Right now, in the 21st century, the apron has reemerged as a style icon in workwear and as a fashion accessory both in and out of the kitchen. Against all odds, this garment constantly moves and reinvents itself, leaving the past behind. Today, nothing remains of its negative image from being associated with a woman trapped in a domestic role.
But what is the origin of the apron? Where did this popular garment come from, and what was its purpose? At Qooqer, we work with our aprons on every single day, and we’d like to discover their history. Care to join us?
Throughout history, the apron has been, at times, a working class garment used for practical purposes, while at other times it has taken on a more noble role, with decorative or even ritualistic use. It has likely existed as long as mankind has worn clothes, and there is evidence of its use in Ancient Crete and Pharaonic Egypt in religious rites.
During the Middle Ages in Europe, aprons were primarily for men, and indicative of the financial and professional status of its wearer. For example, English barbers wore checkered aprons to make their trade known to potential customers. The apron was used as a guild emblem while also serving practical purposes, so that cobblers wore black aprons to protect themselves from tar, and stonemasons wore white aprons that protected them from the white dust of the stone. Different colors were assumed by different trades: stewards adopted green aprons, while blue was used by weavers, spinners and gardeners, etc.
The transformation of the apron into an icon of femininity would take place mostly in America in the late 1940s. After World War II, following the horrors of war and the scarcity of the Great Depression, the notion of the family seated together around the table was idealized. The apron became a symbol of family values and of an inviting kitchen with enough food for everyone. Women in their aprons represented the warmth and hospitality of the family, and of an entire nation.
In those days, mass production of aprons with kitchen motifs began: skillets, spoons, teapots… Many of these concepts of women and aprons were imported and adopted by Europe through film and, later, through television.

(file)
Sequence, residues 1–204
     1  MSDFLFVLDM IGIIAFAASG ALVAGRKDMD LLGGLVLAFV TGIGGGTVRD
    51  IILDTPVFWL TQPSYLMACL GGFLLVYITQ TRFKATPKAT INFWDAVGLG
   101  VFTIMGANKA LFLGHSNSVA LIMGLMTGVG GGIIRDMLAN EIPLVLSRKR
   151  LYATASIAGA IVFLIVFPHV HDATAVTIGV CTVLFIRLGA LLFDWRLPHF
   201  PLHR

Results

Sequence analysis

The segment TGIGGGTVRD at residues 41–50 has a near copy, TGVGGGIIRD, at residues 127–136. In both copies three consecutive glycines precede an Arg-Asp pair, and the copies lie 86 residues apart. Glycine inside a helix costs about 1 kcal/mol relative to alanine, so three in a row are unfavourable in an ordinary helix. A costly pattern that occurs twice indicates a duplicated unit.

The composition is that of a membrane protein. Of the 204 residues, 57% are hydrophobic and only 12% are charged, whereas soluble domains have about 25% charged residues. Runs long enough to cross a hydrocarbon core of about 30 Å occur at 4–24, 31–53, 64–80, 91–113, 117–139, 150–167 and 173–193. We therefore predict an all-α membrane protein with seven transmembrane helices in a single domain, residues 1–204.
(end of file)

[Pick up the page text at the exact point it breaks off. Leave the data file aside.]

The late 1960s brought new ideas and new attitudes, portraying the apron as an anachronism, only suitable for grandmothers to wear. Women sought to liberate themselves, and this included liberation from the kitchen and its symbols.
At the same time, and despite the many years and new ideas that had come and gone, aprons remained a staple in work uniforms, especially for tradespeople and butchers, restaurants, hairdressers, etc.
It’s interesting to note that it is at this moment when men’s aprons emerged within the home, kitchen aprons as the perfect accessory for the grill master. Men used their aprons out in the fresh air, in their domain: the barbecue.
Now, well into the 21st century, we have witnessed a triumphant return of the apron that can be framed within a movement of finding new appreciation for home cooking, in part thanks to the international success of television cooking shows and to its popularity on social media. Everyone is looking for the little chef they have inside.
The return to our roots in the kitchen, with local ingredients and the importance of cooking them ourselves in search of healthier, higher quality food, has caused aprons to return to our kitchens as well, but this time as superstars reclaiming their place in the spotlight.
On the other hand, the movement promoting a return to craftsmanship and handmade products has also helped spur the use of aprons. An interest in handmade and vintage items has led a large segment of society to look back in time and reinterpret old fashion. New–old artisans find a symbol of their identity in the apron, a reflection of their work.
Qooqer is a part of these movements, using natural fabrics and handcrafting our aprons in Spain, designed for chefs and home cooks, for florists, waiters or baristas… for anyone who appreciates and enjoys something made the right way.